What would it take for you to accept nuclear waste in your backyard? The country has created quite a bit of the stuff and the government is searching for someone willing to take it.
Steadily produced since the end of World War Two, the question of what to do with the nuclear waste from civil, military, medical and scientific uses has been causing equal measures of fear and frustration for decades. With a new generation of nuclear power stations on the way, a fresh search is under way for a community ready to take on the challenge.
Campaigner Eddie Martin says:
“It’s very worrying, scary even. They have been looking for somewhere to put this material for decades and it keeps coming back to Cumbria[…]
It’s not for any pragmatic or geological reason, it’s socio-economic expediency. Part of this county already relies on the nuclear industry, so it’s more likely to accept some more[…]
The geology is wrong. Granite rocks are too fractured, they are too prone to water running through from the mountains and any number of studies back this up[….]”
Pete Wilkinson, environmental campaigner and member of the committee which in 2006 officially recommended underground storage, explains:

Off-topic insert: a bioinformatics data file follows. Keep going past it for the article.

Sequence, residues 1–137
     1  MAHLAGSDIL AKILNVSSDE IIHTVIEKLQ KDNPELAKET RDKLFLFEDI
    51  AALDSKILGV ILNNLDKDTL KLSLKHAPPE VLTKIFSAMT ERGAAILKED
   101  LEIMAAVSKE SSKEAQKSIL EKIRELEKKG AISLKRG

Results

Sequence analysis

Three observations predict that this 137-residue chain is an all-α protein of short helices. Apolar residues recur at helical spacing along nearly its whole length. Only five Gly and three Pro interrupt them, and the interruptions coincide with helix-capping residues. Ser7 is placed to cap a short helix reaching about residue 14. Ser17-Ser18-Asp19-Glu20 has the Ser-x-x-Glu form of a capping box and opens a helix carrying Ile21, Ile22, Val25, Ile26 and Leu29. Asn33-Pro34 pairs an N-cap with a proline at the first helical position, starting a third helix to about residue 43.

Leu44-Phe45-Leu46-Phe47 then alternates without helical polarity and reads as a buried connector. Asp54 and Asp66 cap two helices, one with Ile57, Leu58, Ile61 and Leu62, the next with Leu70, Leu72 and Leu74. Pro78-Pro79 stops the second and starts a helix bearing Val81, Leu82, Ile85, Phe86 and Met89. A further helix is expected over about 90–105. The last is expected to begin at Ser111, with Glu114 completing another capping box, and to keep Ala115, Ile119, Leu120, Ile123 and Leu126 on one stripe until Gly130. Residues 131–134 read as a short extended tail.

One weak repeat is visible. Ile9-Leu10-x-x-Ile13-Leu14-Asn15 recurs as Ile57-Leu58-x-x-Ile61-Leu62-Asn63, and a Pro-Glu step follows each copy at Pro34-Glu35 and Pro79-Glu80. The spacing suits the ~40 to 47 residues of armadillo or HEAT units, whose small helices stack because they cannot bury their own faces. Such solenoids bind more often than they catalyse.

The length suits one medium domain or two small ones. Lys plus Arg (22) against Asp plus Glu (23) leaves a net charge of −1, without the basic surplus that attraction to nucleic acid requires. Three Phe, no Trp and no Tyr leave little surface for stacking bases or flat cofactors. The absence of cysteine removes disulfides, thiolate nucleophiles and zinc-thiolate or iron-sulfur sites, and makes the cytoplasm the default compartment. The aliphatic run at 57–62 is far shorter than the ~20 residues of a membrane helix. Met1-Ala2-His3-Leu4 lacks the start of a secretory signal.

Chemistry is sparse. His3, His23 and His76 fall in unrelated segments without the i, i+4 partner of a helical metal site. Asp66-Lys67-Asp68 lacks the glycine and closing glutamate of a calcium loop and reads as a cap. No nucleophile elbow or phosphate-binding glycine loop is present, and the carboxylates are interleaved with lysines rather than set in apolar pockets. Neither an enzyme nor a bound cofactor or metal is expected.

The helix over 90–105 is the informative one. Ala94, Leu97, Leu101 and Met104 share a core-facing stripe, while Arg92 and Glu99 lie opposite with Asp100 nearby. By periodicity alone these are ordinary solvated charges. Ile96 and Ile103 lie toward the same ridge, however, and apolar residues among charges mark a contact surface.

“This process really started in 1976 when a report said there should be no more nuclear power without a method of disposing of the waste.
In the 1980s there were various attempts to impose disposal on communities in Bedfordshire and what was then Cleveland but opposition was loud and well co-ordinated and people would not put up with it.
An attempt to build an underground ‘laboratory’ at Sellafield in Cumbria was thrown out in 1997, with the government saying proposals represented bad science and poor stakeholder engagement.
In 2003 they set up the Committee for Radioactive Waste Management (CoRWM) to come up with the definitive solution.”
Read much more on the BBC News website.